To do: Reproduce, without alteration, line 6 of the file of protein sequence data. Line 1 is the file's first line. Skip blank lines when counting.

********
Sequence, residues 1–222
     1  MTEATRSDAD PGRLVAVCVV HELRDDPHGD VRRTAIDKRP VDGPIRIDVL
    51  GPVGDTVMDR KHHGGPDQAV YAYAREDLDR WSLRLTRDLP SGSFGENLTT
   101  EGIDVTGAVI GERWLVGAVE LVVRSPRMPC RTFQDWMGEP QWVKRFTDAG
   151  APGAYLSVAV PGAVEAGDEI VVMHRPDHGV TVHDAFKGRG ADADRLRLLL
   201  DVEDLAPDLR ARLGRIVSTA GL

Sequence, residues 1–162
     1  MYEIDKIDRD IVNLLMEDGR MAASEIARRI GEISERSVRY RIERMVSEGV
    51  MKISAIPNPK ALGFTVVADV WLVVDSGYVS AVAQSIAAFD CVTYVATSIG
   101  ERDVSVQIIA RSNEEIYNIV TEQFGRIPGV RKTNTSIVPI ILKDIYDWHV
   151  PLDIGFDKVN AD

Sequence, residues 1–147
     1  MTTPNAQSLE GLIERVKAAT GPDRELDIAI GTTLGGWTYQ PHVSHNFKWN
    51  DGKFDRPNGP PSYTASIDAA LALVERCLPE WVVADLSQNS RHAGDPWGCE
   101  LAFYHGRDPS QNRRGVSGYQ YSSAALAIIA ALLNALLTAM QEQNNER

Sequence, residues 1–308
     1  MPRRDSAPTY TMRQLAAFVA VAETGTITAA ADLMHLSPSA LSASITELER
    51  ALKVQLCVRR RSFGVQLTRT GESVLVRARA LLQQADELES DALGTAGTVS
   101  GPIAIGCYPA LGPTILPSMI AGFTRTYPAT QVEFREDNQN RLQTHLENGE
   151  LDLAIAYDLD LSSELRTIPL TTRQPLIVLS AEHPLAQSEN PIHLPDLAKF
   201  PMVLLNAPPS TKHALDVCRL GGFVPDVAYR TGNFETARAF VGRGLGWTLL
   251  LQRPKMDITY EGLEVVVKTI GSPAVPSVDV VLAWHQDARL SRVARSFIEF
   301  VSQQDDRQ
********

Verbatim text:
   201  DVEDLAPDLR ARLGRIVSTA GL